Researchers at the Australian National University (ANU) claim to have set a new world record, creating a more efficient type of solar cell using laser processing. The researchers have produced a dual-sided silicon solar cell, meaning both the front and back of the cell generate power.
Solar cell technology has made great progress over the past few decades, bringing the solar energy cost down to a point where it is competitive with conventional electricity prices. While mono facial panels have historically dominated the market, recent developments in manufacturing bifacial panels have made them accessible for commercial applications.
The ANU team used specific laser doping technology to fabricate the cells. Laser-doping is a promising technology in solar cells thanks to its advantages, such as the method’s viability at room temperatures and easy control over emitter depth and surface concentration. It is a low-cost, industry-compatible process for boosting solar cell efficiency that uses lasers to locally increase electrical conductivity.
Thanks to this technology, the researchers were able to achieve a front conversion efficiency of 24.3% and a rear conversion efficiency of 23.4%, representing a bifacial factor of 96.3%. The researchers say this performance represents an effective power output of approximately 29%, well exceeding the performance of the best single-sided silicon solar cell. The results, which the research team claims, have been independently verified by the Commonwealth Scientific and Industrial Research Organisation (CSIRO).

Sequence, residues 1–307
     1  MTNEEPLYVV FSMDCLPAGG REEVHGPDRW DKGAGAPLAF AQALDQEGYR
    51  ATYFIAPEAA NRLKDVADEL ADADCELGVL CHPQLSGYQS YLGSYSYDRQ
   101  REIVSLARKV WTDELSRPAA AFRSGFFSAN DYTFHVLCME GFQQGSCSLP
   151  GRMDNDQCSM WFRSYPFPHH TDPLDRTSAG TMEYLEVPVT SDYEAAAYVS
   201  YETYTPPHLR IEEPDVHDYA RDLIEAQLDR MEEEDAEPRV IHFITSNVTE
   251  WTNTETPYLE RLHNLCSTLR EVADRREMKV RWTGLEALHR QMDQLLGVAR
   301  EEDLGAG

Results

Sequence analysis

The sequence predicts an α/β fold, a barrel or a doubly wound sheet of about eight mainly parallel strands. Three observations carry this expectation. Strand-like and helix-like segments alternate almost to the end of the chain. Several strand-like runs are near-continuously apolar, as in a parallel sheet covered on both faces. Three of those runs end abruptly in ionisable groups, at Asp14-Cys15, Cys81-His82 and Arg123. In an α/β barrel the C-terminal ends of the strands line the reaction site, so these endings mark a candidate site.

“This is a world record for selectively laser-doped solar cells and among the highest efficiency bifacial solar cells,” Chief Investigator Dr. Marco Ernst said.
According to the principal investigator Dr. Kean Chern Fong, the so-called bifacial solar cells can easily beat the performance of single-sided silicon solar cells, thus resulting in increased efficiency for solar photovoltaic (PV) projects.
“We have developed what I would call a true bifacial solar cell, as it has nearly symmetrical power generation capacity on both surfaces of the device,” Dr. Fong said. “When deployed on a conventional solar farm, a bifacial cell absorbs direct incoming light, while also taking advantage of ground reflection, which can contribute up to additional 30% power generation.”
Fong added that Bifacial solar cells are becoming increasingly important in the rollout of solar farms that promise greater electricity production with the same amount of sunlight and that cover the same land area.
“Bifacial solar cells are expected to have a market share of over 50% in the next five years,” said Fong. “Our work demonstrates the incredible capabilities of this technology.“